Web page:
STEP 6: Enjoy your look-alike DIY etched glassware!

After you’re finished, put the remade etched glass cups to work. We placed some candles in these vases to light our cozy patio corner. If you use citronella candles, you’ll also keep bugs away during summer nights outside.

Etched glass tumblers and candle holders filled with citronella lights can help transform your outdoor entertaining area. You know what else will transform the patio space? A DIY cooler table for refreshments and a geometric wall trellis. You can see them come together in the photo below and get their tutorials here.

The Easiest-Ever Tutorial for How to Etch Glass
Photo: Ohoh Deco for Bob Vila

Final Thoughts

Etched glass personalizes any number of items throughout a home, and it makes a terrific personalized gift. The two methods of etching glass outlined above both produce sensational results, but it’s important to consider the function of the item you’re etching before you decide which method to use.

Etching cream doesn’t work on all types of glass, however, chemical etching makes household goods retain their function. This method can be used on glasses from which you drink and is a dishwasher-safe way to etch. Though it’s relatively simple, use of glass etching cream requires diligent safety.

Using paint to create an etching effect enhances your decor, and can be used on most glass items quite easily. Projects where you intend to store food or drinks, or wet environments, like shower doors, are not recommended for this method of etching.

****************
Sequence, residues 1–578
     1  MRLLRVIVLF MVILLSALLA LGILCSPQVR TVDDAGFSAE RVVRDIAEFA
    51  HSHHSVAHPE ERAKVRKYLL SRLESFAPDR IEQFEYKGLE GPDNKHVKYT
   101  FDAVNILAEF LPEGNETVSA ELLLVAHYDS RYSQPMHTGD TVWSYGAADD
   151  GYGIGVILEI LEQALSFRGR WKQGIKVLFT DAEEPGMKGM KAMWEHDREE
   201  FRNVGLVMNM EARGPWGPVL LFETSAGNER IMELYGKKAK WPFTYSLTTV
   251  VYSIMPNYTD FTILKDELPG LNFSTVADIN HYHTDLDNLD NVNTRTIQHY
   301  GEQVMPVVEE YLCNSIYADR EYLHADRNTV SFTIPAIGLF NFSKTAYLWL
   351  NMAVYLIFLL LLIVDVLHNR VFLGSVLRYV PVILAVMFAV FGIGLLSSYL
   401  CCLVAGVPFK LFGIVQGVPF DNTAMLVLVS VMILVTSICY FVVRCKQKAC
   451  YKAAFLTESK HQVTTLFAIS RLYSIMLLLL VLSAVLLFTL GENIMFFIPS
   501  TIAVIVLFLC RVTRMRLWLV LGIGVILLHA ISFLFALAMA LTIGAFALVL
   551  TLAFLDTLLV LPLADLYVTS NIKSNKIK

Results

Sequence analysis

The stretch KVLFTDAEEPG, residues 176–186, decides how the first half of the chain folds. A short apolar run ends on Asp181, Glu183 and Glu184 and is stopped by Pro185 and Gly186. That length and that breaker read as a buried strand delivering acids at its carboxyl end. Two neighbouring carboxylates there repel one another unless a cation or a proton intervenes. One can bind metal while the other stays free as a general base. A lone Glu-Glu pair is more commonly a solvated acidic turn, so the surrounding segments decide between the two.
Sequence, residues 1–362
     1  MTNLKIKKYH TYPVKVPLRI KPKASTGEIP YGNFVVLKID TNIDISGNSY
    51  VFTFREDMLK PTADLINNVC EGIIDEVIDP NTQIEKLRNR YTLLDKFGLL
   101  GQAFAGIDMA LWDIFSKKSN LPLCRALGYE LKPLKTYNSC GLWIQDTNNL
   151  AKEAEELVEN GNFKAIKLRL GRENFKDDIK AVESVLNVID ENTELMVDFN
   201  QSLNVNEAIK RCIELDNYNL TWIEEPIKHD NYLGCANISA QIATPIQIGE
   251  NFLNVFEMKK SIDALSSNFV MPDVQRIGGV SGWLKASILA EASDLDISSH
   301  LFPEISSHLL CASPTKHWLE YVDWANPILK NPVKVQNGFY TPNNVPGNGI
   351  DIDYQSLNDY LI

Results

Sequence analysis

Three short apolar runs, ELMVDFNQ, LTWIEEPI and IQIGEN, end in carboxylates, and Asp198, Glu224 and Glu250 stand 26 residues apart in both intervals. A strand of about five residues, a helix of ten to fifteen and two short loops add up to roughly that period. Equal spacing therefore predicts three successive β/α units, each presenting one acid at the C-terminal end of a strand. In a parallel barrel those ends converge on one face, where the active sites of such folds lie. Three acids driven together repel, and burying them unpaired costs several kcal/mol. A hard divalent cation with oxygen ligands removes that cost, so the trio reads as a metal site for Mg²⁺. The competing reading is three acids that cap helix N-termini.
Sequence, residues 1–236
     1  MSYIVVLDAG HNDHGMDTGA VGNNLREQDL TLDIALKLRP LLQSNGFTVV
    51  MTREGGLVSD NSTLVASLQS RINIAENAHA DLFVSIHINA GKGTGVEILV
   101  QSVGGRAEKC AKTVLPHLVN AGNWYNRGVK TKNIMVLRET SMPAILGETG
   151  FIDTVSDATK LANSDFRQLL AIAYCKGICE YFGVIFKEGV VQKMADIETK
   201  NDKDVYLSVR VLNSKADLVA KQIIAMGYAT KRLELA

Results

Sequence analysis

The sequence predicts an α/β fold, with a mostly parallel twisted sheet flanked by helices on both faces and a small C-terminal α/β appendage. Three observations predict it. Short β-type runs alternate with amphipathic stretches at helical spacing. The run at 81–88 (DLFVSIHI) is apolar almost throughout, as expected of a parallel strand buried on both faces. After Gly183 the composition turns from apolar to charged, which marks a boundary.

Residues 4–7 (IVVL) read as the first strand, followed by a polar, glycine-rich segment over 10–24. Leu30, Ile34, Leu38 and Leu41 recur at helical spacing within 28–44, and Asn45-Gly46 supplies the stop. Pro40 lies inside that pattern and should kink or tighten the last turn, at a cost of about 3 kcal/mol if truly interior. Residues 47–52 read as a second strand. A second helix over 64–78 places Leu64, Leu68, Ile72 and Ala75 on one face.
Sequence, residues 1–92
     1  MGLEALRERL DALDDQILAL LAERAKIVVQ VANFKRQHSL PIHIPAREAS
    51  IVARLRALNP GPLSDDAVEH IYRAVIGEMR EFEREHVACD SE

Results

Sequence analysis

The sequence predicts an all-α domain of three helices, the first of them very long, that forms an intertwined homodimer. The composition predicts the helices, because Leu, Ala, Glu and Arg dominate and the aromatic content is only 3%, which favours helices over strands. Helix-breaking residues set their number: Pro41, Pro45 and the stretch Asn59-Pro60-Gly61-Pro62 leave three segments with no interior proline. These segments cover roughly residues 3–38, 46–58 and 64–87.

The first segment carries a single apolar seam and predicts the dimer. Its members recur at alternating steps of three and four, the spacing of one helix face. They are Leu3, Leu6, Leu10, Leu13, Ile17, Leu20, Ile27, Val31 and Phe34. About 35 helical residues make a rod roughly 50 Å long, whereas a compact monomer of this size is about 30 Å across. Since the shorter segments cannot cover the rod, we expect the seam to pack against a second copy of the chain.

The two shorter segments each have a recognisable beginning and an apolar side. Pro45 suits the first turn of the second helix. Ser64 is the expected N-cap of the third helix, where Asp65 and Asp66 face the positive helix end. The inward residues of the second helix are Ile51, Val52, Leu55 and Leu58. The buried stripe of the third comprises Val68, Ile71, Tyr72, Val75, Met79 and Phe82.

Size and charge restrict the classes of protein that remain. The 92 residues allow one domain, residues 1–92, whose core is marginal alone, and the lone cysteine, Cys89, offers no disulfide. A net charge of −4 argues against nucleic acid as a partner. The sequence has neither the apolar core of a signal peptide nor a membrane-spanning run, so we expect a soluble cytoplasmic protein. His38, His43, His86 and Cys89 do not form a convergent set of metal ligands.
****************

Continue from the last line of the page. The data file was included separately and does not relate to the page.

FAQs About How to Etch Glass

With multiple ways to etch glass, you may have some lingering questions about which technique to use, and the minute details of each method. For a bit more information on glass etching, please read through these frequently asked questions and answers.

Q. How do you make a stencil for glass etching?

There are a few different ways to make a stencil for etching glass. If you have a Cricut or Silhouette machine at home, you can choose an image from their design libraries or create your own, and the machine will cut the stencil into adhesive vinyl. Otherwise, you can cut out an image on contact paper, using either one you find online, or one you draw yourself.

Q. Can you use a Dremel on glass?

You can use a Dremel on glass, and there are a few different glass projects that can benefit from it. You need to use the correct Dremel bit, and the method you use to cut the glass depends on how you want to shape the glass, whether that means boring a hole, cutting a bottle in half, reshaping a mirror, or something else.

Q. How do you etch words on glass?

The best way to etch words onto glass and achieve a glass engraving effect is by using a stencil with adhesive vinyl. Use computer software to find a font you like, and have your Cricut or Silhouette machine precisely cut out the words. Otherwise, you’ll have to cut out the word on your contact paper using a utility knife or scissors. Letter stencils have small pieces for the centers of letters like A, O, P, R, etc. Make sure you stick these tiny pieces to the glass to accurately form the letter.

The Easiest-Ever Tutorial for How to Etch Glass
Photo: Ohoh Deco for Bob Vila